We do know that the OIC carried out 3 million interceptions between 2006 and 2010 and the implication has been that at least some were live.
The biggest problem at the moment though is the NCC, which the Matthews Commission found regularly conducted warrantless bulk interceptions and environmental scanning. Unfortunately the Matthews Commission's recommendations went nowhere and from what I'm hearing the NCC has even fewer internal controls on what it monitors within our borders.
I just wish South Africans would have as much outrage about what happens locally as they do for what the NSA does.
1. Decentralized (real p2p, no central servers)
2. Encrypted communication
3. I'd even add: Easier to set up than encrypted email:
Install -> Exchange "certificates" -> Done.
IMO, it's currently the best way to communicate.
When I was asked to make this address I wondered what I had to say to you boys who are graduating. And I think I have one thing to say. If you wish to be useful, never take a course that will silence you. Refuse to learn anything that implies collusion, whether it be a clerkship or a curacy, a legal fee or a post in a university. Retain the power of speech no matter what other power you may lose. If you can take this course, and in so far as you take it, you will bless this country. In so far as you depart from this course, you become dampers, mutes, and hooded executioners. -- John J. Chapman
Retroshare is nice, but can't be used to talk in public as a member of the public with other members of the public. I mean, a few friends talking freely behind closed doors? Even dictatorships have that.
Don't take this wrong, I know you meant to point out a cool program, and I'm not having a go at you or anyone seeking technical solutions for this.. but I think this is a social/political problem, and ultimately needs to be deal with as such, if we're ever to achieve anything real.
If talking freely is risky, because we're still in the stone age in so many ways, then I want the risks, not to shut up.
> a few friends talking freely behind closed doors? Even dictatorships have that.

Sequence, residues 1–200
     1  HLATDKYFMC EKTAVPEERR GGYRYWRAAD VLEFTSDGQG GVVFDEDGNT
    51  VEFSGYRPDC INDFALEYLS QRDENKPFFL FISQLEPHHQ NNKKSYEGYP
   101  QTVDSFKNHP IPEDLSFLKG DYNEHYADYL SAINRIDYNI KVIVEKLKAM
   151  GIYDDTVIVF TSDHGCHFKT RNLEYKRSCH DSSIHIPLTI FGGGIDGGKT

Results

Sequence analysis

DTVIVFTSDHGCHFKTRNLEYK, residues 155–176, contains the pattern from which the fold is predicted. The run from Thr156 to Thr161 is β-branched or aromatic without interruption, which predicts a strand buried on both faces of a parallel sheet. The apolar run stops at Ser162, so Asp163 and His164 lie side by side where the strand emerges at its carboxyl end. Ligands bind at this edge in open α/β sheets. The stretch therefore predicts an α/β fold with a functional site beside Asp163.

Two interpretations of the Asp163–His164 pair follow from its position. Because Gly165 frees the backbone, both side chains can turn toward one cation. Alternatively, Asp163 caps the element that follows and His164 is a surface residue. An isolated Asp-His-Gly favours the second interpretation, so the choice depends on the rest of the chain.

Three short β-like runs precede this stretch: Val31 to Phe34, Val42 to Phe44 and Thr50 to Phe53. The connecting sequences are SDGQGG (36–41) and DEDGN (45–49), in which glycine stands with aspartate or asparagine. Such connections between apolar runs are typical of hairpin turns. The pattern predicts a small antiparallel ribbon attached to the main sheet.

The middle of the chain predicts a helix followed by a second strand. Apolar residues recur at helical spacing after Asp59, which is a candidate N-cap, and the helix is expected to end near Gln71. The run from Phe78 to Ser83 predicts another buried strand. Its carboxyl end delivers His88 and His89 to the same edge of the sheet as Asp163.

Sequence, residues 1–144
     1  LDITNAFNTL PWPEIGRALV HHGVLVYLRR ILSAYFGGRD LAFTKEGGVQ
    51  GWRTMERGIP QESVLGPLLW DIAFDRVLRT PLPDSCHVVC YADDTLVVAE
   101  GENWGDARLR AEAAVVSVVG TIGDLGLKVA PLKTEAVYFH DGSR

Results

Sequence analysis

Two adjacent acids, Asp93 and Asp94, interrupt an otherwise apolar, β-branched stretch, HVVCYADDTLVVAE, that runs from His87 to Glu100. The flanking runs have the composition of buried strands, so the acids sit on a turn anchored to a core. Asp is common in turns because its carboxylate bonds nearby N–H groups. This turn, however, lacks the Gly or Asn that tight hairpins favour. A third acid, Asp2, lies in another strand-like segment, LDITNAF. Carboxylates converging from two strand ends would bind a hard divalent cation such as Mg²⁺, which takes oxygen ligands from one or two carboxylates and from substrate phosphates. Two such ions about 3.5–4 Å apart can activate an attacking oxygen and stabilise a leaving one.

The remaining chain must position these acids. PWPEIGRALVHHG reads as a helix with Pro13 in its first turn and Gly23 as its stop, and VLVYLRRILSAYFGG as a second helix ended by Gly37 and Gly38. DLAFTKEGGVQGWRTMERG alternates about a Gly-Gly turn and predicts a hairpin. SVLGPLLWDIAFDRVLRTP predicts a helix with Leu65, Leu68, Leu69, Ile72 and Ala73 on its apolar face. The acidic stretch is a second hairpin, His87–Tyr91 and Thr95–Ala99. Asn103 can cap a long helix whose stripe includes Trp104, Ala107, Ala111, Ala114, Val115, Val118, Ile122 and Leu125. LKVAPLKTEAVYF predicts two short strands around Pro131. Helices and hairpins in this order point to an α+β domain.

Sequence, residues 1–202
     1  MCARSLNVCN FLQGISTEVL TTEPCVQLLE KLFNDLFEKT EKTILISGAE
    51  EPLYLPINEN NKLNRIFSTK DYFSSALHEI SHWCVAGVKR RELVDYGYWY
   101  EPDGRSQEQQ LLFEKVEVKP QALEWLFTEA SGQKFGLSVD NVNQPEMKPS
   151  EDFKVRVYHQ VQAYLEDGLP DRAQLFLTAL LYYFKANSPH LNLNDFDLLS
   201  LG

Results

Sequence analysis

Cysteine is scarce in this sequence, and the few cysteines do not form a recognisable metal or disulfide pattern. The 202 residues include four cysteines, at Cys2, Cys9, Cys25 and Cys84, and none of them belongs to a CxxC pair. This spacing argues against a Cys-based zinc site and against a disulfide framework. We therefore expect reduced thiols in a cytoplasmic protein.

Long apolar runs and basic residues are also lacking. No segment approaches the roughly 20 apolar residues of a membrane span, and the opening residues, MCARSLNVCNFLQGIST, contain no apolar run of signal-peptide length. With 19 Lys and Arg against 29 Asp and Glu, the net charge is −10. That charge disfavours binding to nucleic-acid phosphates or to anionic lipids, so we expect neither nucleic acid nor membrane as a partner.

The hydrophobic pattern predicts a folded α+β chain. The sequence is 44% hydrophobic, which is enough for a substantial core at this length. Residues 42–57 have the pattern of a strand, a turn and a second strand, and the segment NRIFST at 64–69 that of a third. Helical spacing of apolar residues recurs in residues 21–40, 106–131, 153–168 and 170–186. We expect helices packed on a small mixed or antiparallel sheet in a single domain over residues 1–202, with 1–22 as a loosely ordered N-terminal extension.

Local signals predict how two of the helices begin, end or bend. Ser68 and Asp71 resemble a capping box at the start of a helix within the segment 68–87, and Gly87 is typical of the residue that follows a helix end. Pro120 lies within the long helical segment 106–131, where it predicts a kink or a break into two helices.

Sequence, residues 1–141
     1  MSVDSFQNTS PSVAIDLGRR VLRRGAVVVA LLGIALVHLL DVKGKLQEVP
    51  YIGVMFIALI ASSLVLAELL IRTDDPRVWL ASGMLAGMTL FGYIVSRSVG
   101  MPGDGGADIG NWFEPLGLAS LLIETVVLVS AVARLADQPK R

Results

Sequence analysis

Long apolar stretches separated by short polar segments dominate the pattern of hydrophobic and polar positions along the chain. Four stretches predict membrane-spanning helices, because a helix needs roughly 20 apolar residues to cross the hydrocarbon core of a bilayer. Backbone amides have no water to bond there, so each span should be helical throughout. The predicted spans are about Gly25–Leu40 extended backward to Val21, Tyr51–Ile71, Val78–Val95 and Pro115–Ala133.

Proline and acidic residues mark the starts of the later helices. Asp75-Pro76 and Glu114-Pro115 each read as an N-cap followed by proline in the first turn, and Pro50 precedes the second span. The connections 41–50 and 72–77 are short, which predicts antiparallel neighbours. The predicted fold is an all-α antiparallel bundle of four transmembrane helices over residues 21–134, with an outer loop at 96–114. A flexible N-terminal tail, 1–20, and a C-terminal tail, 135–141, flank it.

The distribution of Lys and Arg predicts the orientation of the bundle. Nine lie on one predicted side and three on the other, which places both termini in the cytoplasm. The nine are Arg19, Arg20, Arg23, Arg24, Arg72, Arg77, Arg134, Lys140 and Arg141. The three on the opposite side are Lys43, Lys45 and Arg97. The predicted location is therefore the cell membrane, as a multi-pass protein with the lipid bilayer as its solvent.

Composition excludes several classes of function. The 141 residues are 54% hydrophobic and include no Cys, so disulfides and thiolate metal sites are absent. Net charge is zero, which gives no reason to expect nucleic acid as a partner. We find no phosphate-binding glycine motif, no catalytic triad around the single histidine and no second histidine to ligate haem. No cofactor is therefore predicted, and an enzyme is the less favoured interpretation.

But I feel that I do not have this across the Internet! It is good to be able to talk freely behind closed doors, too. This is why RetroShare seems to solve an important problem for me :)
Imagine if the zebras instead had watched in horror as the first few "pioneers" got mauled... prodding each other saying "your turn", until all of them were too weak to be able to cross, even as a herd, and the crocodiles simply came out of the river and dragged them into it (which is exactly what would have happened, because the reason they cross rivers is that there is nothing left to eat on their side of it).
Not that I consider humans herd animals, or that I want to other humans who prey on humans so much that I would cast them as a different species. But I still think there is a lesson for us in there, too. Cowardice, as rational as it may seem, simply doesn't pay in the long run. Until we learn that, we're stuck.
I found RetroShare worthy of its own submission, given today's climate: https://news.ycombinator.com/item?id=5983913
If the next time I visit the US I have my laptop confiscated, my luggage searched or have my entry denied, so be it. I'll know that's because the US no longer welcomes free speech and plan my future travels and career moves accordingly.
I'll add that, if that ever happens, it'll be a sad day for me. I still have faith a country founded on principles rather than ethnicity or geography means something. I'd like to keep that faith, if possible.
When I exercise my fifth amendment right to silence when I am questioned upon attempting to re-enter my home country, I get arrested and harassed and threatened for hours and hours.
The phones are all tapped, the cops rule everything, and all of the basic rights we were told we had are now exercised only at the mercy of the military rulers.
A few years ago I went back to the US to visit the crypto museum (incidentally, right across the street from NSA in Fort Meade). It was my first trip to the DC area and the first night I got in, I went over to the Jefferson memorial. A sign on the pathway approaching the dome warns visitors that due to federal law, firearms are prohibited on the grounds.
Jefferson would be proud, I'm sure.
[note to non-US citizens: It's basic right #2 in the USA that people can own and carry firearms.]